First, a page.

Is Twitter About to Become a Relevant Patient Acquisition Channel for Plastic Surgeons & Med Spas?
And, more importantly, is Elon Musk about to create a whole new paradigm for digital advertising?
25 minute read
Near the end of October 2022, as then-new Twitter CEO Elon Musk was making news for his flippant sense of humor, mass layoffs, and introducing pay-to-play blue check verification, he also published a less-discussed open letter to Twitter advertisers.
The tweeted letter offered a rationale for his unprecedented privatization of Twitter — but, more importantly, it also gave us a glimpse into the serial entrepreneur’s future vision for advertising on the platform. Here at Influx, one particular excerpt immediately grabbed our attention:
...I also very much believe that advertising, when done right, can delight, entertain and inform you; it can show you a service or product or medical treatment that you never knew existed, but is right for you.
The Most Respected Advertising Platform in the World?
Also significant in our eyes were the letter’s closing words, in which Musk made very clear his eventual goals for the social platform:
Fundamentally, Twitter aspires to be the most respected advertising platform in the world that strengthens your brand and grows your enterprise. To everyone who has partnered with us, I thank you. Let us build something extraordinary together.
Bearing in mind that we spend all day every day thinking about how to optimize patient acquisition for medical aesthetic practices, it’s not hard to imagine why these words leapt off the screen at us. But let’s unpack the nuances and potential ramifications of these words.
An Ugly Past for Aesthetic Practices
Let’s first address our views on Twitter as a patient acquisition channel to date. While the platform’s advertising capabilities can be a fit for larger businesses focusing on brand awareness, the blue bird hasn’t historically sung well for smaller brands.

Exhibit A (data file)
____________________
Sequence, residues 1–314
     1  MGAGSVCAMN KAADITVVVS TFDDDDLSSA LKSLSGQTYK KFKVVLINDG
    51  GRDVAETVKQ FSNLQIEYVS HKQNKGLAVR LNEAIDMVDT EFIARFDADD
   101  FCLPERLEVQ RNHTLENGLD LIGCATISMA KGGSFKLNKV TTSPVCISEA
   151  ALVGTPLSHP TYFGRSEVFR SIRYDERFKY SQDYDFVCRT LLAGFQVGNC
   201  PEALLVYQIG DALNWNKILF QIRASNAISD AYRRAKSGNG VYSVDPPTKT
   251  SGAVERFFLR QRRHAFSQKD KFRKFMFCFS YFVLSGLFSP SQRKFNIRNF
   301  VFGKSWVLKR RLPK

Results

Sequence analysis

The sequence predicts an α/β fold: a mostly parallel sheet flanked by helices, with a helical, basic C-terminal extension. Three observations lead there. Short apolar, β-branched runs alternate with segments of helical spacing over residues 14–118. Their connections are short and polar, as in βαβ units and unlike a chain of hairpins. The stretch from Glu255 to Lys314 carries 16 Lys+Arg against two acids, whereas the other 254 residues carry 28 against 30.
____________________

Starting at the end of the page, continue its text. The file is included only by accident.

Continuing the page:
To put it bluntly, Twitter has been historically terrible at attribution and conversion tracking.
In the past, Influx has not recommended running Twitter ads for lead generation since the platform has lacked transparency into what your ad dollars are buying.
To put it bluntly, Twitter has been historically terrible at attribution and conversion tracking. Ad spend is an important investment that carries a certain accountability to demonstrate results — and the existing Twitter advertising interface has not provided sufficient data to satisfy our requirements for informative reporting.
But the past has passed, and now that Mr. Musk is in charge, we’re interested to see what types of changes he may have in mind around increased reporting transparency, enhanced ad relevance, and improved auction bidding.
But Elon Hates Advertising. No?
Before going any further, let’s also address the irony of this situation head on. Elon has been very forthcoming about his hatred of advertising over the years. In a 2018 response to a question posed on Twitter, he spelled it out about as plainly as it could be stated: “I hate advertising.” That’s it. That’s the tweet.
Replying to @realDiegoMonroy
I hate advertising
He’s also publicly offered his opinion on the use of influencers. If you haven’t heard what he has to say there, I’ll spill the beans: he doesn’t care for that tactic either.
Then there’s the well-known fact that Tesla proudly partakes in zero advertising. A master marketer with a massive personal platform, Musk has done astounding things without the use of traditional paid media.
Cut to the present and the guy who hates advertising has found himself in a situation where he needs to sell ads to get a return on his 44-billion dollar investment.
Let’s face it. Today’s digital advertising models are largely broken and in need of an overhaul.
Now there’s clearly a cynical take to be took here. As one recent headline reads, “ELON MUSK, WHO ALWAYS HATED ADS, SUDDENLY SAYS HE LOVES ADS NOW THAT HE OWNS A SITE THAT DEPENDS ON THEM.” The author of that particular article clearly holds no optimism for Twitter’s future in Musk’s custody, but I’d argue that they are overlooking the real story here.
Elon Musk is perhaps the world's greatest problem solver. Using his unique brand of first-principles thinking, he has turned at least five complacent industries on their heads — and let’s face it, today’s digital advertising models are largely broken and in need of an overhaul.
Could it be that this story ends with a new paradigm for digital advertising as a whole? I may be getting a bit carried away here, but I’m confident, at a minimum, that we’ll see Musk take a stab at removing from advertising those things that he hates about advertising.
A Whole New Paradigm for Ad Tech?
Testing in Public
With the ad tech world so prone to copycat tactics, anything Musk tests is effectively a test for the space as a whole. Even Musk’s revamp of Twitter Blue Verification, ridiculed as it was, has already been shamelessly aped by Zuckerberg and Co. with the February announcement of the $15/mo (for iOS users) Meta Verified™️ subscription service.